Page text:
DUBAI — Climate justice leaders from organizations representing impacted frontline communities will be sending a delegation to the 2023 United Nations Framework Convention on Climate Change 28th session of the Conference of Parties, commonly referred to as the UNFCCC COP28.
The frontline delegation calls upon world leaders to pass and adhere to binding agreements, including the immediate phase out of dirty energy, and to commit to meaningful climate reparations for communities that are bearing the brunt of the climate crisis.
WHO: Indigenous Environmental Network,
Climate Justice Alliance,
Indigenous Climate Action
WHAT: United Nations Climate Change Conference (COP28)
WHEN: November 30, 2023 — December 12, 2023
WHERE: Dubai, United Arab Emirates
The delegation leaders reject market-based schemes and techno-fixes that are designed to prolong the lifespan of the dirty fossil fuel industry, and put communities at risk.
“The climate crisis demands a rapid just transition for a binding global phase out of fossil fuels and all extraction and production at source. With the risks and uncertainties of carbon capture and storage and carbon dioxide removal technologies, the world does not need more climate false solutions that divert attention away from the crucial work of stopping the ongoing colonial and capitalist frameworks that are consistently adopted by the UNFCCC,” said Tom Goldtooth, Executive Director of the Indigenous Environmental Network. “The carbon markets of Article 6, the bogus safeguard language which has no legal protections for Indigenous Peoples, geoengineering techno-fixes, and the lack of fossil fuel phase out language are all connected. The longer the UN sanctions the climate disinformation embedded in Article 6, the deeper and stronger the impacts of climate change will be.”
The delegation is clear that to truly tackle the climate crisis, its root causes have to be addressed.
“The UNFCCC continues to prioritize false solutions and so-called climate policies that only serve corporations, ongoing colonialism and predatory capitalism.” said Eriel Tchekwie Deranger, Executive Director of Indigenous Climate Action “Our solutions expose the fallacy of colonial logic that consistently seeks to reduce the climate crisis to an economic crisis. By taking up space, calling out false solutions, and demanding the reinstitution of our legal rights as Indigenous peoples we are working towards a decolonial and climate-just future for all.”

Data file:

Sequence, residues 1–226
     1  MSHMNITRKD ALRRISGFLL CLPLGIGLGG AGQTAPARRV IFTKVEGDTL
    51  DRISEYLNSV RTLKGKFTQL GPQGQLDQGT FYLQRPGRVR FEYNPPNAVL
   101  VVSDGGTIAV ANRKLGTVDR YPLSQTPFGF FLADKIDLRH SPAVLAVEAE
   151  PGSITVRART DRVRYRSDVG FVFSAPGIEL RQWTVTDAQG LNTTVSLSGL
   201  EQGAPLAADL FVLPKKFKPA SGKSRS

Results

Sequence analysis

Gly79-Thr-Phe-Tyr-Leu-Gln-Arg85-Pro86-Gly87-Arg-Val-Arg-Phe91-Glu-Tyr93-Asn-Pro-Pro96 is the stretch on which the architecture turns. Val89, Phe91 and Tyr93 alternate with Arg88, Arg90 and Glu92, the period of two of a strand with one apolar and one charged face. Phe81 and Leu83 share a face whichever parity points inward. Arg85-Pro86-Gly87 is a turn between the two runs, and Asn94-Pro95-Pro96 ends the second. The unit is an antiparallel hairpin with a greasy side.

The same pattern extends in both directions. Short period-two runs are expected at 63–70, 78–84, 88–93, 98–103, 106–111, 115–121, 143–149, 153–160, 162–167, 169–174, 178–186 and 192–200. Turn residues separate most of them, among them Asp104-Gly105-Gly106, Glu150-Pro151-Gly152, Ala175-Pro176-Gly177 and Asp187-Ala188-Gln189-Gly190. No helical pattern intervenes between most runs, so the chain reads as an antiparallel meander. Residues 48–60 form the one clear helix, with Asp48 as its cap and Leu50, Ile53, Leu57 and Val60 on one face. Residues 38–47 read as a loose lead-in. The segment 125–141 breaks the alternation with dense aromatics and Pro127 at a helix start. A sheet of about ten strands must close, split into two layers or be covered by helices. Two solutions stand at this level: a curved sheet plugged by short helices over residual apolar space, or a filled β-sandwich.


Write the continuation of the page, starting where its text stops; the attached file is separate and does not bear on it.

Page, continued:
The groups are also aware of the limitations within formal United Nations spaces.
“In order to achieve the policy shifts we need, even the best inside strategies at COP28 won’t be strong enough if we don’t organize powerful, grassroots pressure on the outside as well.” said Bineshi Albert, Co-Executive Director of Climate Justice Alliance. “True climate solutions are coming not from a formal UN negotiation process, but from the growing pressure and power of our collective struggle.We are in unity with blossoming social movements across the globe, led by the people most impacted by the climate crisis. We are pressuring governments to be responsive to the needs of our communities, and for more meaningful action, while implementing our own real solutions on the ground and planning for how vulnerable communities can best survive severe impacts of climate change.”